Applied Optics, Laser Applications and Theory
Applied Optics includes study of the interaction of laser radiation with various materials, such as carbon fibre composites, stainless steel, archaeological and biological materials. This line of applied research often involves laser induced breakdown spectroscopy (LIBS), and new models are developed to capture transient plasma effects. This is undertaken in parallel with a long-standing research interest in the development of photovoltaics for solar cell applications. Thin films of novel materials, such as ternary and quaternary semiconductors, are produced with controlled properties.
Chemical vapour deposition is also employed, involving both semiconductor and metal oxide materials, to produce self-assembled three-dimensional photonic crystals. Investigations of the photonic properties of both bare and in-filled opals are then undertaken. This research led to the first reported inverse opal systems based on InP and GaP and that of a conducting inorganic medium (SnO2). Deposition of metal/metal oxide thin layers on a variety of substrates – to give enhanced properties, such as photo-activity – is a further area of applied work. Production and characterisation of novel solar cell materials and designs are included within this context.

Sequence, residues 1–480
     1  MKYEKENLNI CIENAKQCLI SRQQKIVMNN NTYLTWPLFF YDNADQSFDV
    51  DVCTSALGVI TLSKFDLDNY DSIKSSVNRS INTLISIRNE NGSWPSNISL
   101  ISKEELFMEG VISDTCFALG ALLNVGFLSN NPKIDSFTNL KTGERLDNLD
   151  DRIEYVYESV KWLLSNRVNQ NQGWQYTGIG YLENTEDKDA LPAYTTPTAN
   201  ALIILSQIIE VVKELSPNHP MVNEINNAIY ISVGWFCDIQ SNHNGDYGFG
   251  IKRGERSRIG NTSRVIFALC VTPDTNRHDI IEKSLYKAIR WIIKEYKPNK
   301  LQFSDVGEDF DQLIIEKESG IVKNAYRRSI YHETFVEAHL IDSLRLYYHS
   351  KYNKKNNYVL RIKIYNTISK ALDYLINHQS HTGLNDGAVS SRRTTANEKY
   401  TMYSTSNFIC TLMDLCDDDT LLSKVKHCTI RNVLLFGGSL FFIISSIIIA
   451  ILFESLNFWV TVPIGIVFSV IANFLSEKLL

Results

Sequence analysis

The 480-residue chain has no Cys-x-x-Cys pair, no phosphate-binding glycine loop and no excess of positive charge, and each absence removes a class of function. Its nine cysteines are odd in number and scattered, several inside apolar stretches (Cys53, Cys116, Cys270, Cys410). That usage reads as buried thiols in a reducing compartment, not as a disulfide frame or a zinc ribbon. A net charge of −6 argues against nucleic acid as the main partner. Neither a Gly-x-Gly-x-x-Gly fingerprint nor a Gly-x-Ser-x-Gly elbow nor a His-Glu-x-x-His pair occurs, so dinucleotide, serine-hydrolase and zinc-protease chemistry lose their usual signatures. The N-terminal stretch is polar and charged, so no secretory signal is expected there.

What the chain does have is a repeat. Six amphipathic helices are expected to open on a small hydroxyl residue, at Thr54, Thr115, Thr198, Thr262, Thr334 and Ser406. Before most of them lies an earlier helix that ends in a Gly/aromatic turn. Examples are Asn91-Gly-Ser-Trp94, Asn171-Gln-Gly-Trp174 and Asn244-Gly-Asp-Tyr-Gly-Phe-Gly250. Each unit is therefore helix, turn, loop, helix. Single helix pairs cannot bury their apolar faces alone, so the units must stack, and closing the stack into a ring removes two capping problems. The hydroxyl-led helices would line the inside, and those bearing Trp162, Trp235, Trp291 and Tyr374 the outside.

Theoretical studies extend across a full range of laser applications, designs and devices – including world-leading nanostructure modelling in the design of optoelectronic devices such as semiconductor quantum dot solar cells. Further major research strengths lie in the modelling of metamaterials, surface waves, waveguides and magneto-optical effects.
Other research areas, such as theoretical photovoltaics and multi-frequency Raman generation, are supplemented with spatial soliton modelling activities concerning new contexts and regimes, such as fully-oblique wave propagation in patterned photonic materials and structures. A wide range of nonlinear materials are considered in both exact analytical and full numerical descriptions of propagating and refracting electromagnetic waves.
Further fundamental theoretical research involves the generation and propagation of novel laser light and new laser designs – such as the modelling of the spontaneous generation of optical fractals using nonlinear materials, designs of fractal lasers, and the potential applications of fractal waves. This is complemented by studies of general wave diffraction characteristics in various experimental geometries and contexts.
This is complemented by studies of general wave diffraction characteristics in various experimental geometries and contexts. Further details and publication downloads are available within the Complexity, Applied Nonlinear Science and Metamaterials group webpages.